The most important thing you do in business is communicate.

One of the key times to communicate with people is after you’ve met them but before they become a client. During this the time you create your relationship. You nurture them. They get to know you and hopefully, based on what and how you communicate, they grow to like and trust you. As time goes on you continue to develop and deepen that relationship and when they are ready, they buy from you.

One of the main tools I use, and many of my clients use, to help develop a relationship with prospective clients is to write articles. In fact, you’re reading one of my articles right now.

Article writing is a way to get in front of prospective clients, former clients and even current clients and develop and deepen the relationship you have with them.

There are two goals to keep in mind when you write an article. The first is to share a strategy, skill or insight that has something to do with the product or service you provide. The second goal is for your reader to get to know you a little more.

The articles you write can then serve multiple purposes. I include my articles in my weekly newsletter. The articles are also posted on my blog and posted on social network feeds where they often get shared or posted on other websites. And my articles often become parts of products or programs I create.

One thing about article writing, though, is you have to do it regularly for it to be effective.

People always ask me where I come up with ideas for the articles I write. It’s really not hard. There are situations around you every day that you can turn into articles.

Here are my top sources for inspiration.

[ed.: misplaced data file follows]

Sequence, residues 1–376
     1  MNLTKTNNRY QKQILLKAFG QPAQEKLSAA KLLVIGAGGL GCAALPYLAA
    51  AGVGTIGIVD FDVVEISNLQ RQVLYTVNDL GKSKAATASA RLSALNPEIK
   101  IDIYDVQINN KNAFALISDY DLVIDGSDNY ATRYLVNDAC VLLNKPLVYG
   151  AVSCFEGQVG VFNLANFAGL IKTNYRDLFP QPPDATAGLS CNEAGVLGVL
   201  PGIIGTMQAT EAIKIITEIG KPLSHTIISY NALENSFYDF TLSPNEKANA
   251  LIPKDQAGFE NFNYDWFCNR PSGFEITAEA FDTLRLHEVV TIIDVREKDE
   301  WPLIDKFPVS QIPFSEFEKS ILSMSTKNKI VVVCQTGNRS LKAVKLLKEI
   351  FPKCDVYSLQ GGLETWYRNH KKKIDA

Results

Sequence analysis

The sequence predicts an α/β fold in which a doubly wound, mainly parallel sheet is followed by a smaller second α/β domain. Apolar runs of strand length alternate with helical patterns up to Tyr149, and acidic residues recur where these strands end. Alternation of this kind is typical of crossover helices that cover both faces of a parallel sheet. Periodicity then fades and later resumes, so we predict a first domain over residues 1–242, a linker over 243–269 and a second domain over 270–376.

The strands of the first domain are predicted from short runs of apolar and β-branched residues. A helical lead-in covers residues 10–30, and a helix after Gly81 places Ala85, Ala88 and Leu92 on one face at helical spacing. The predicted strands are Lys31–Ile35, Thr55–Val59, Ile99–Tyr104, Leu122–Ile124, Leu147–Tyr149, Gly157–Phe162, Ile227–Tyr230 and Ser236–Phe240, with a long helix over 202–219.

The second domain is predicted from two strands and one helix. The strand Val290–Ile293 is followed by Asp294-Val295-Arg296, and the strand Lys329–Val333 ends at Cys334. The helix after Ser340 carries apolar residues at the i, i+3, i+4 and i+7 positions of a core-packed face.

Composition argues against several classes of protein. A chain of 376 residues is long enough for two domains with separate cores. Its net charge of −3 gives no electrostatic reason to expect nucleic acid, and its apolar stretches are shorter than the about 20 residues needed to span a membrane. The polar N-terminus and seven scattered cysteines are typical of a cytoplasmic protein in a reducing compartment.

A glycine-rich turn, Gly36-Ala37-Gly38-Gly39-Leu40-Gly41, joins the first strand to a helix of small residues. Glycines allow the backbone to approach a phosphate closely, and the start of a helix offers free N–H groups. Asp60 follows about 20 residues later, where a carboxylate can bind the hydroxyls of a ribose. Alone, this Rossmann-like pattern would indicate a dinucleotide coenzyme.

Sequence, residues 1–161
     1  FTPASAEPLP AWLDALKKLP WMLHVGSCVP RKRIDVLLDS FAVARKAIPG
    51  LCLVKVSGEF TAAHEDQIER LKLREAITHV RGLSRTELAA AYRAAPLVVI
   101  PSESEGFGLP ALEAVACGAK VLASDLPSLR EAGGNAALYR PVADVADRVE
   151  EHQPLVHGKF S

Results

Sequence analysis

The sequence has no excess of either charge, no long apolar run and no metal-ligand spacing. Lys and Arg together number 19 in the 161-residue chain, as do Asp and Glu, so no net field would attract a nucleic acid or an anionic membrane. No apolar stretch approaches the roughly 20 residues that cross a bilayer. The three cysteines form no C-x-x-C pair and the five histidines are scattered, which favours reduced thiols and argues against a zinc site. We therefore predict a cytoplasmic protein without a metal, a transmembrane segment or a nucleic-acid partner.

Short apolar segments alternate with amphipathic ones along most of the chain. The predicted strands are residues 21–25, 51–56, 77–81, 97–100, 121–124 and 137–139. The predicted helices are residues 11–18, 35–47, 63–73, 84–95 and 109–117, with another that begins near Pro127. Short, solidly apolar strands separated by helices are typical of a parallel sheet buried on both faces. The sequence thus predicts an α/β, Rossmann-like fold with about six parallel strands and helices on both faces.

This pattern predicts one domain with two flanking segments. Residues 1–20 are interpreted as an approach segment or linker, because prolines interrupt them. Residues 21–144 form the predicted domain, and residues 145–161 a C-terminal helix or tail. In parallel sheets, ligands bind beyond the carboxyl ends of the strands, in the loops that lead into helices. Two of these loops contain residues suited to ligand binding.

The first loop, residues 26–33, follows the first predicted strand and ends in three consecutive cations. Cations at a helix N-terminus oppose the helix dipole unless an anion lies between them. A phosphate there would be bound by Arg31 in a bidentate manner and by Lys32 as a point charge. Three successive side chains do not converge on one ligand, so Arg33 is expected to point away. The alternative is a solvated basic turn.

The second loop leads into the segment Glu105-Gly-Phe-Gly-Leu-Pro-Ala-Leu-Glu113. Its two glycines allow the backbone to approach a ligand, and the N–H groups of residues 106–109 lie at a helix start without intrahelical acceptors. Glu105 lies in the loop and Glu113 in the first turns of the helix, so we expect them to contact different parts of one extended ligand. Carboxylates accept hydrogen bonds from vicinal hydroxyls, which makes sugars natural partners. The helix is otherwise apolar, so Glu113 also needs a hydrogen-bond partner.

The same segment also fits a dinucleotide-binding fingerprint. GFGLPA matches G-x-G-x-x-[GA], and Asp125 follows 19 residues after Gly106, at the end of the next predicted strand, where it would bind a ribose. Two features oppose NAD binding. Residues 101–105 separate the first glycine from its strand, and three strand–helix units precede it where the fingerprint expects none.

1. What question(s) do you get asked again and again? That’s where I got the inspiration for this article. Everyone asks me where I come up with ideas. Write an article answering that question.
2. What problem do you see? Keep an eye open for themes that arise. All of a sudden everyone is talking about something or everyone has the same complaint. Write an article on your take about the situation and specifically how that situation can be related to the work you do with your client. I wrote an article on the blue/gold dress debate and how much time was being spent on it as opposed to using that time to grow your business.
3. Things that make you go “huh”. What catches your eye? What interests you? How can you relate that situation or topic to the type of work you do? What lessons did you see? How can that lesson be helpful to your client?
4. Your mistakes. This is a big one. I make at least one mistake every day. Some mistakes are big. I have found that the articles that get the most response are the ones when I step out in the light and share the mistake I made along with the lesson that I learned from it.
5. Nuggets that you share during conversations, especially with clients. This one is golden. Have you noticed that many of the articles I write start with something along the lines of, “I was speaking with a client and…” Write about something that you shared, or an idea that you came up with. A great clue that you just shared something writable is when someone responds to a question you asked with “That’s a great question.” Or responds to something you said with “Wow, that’s a great idea.” That way many people can benefit from your idea instead of just one. And you can share the point of the conversation without sharing the specifics, so it is easy to maintain client confidentiality.
6. Emails you send. Take a look at the emails you write. I bet you are often asked questions and provide answers or make suggestions. Or you may send an email to someone about something you see going on, maybe it interests you or annoys you. These emails can easily become the source of inspiration for an article.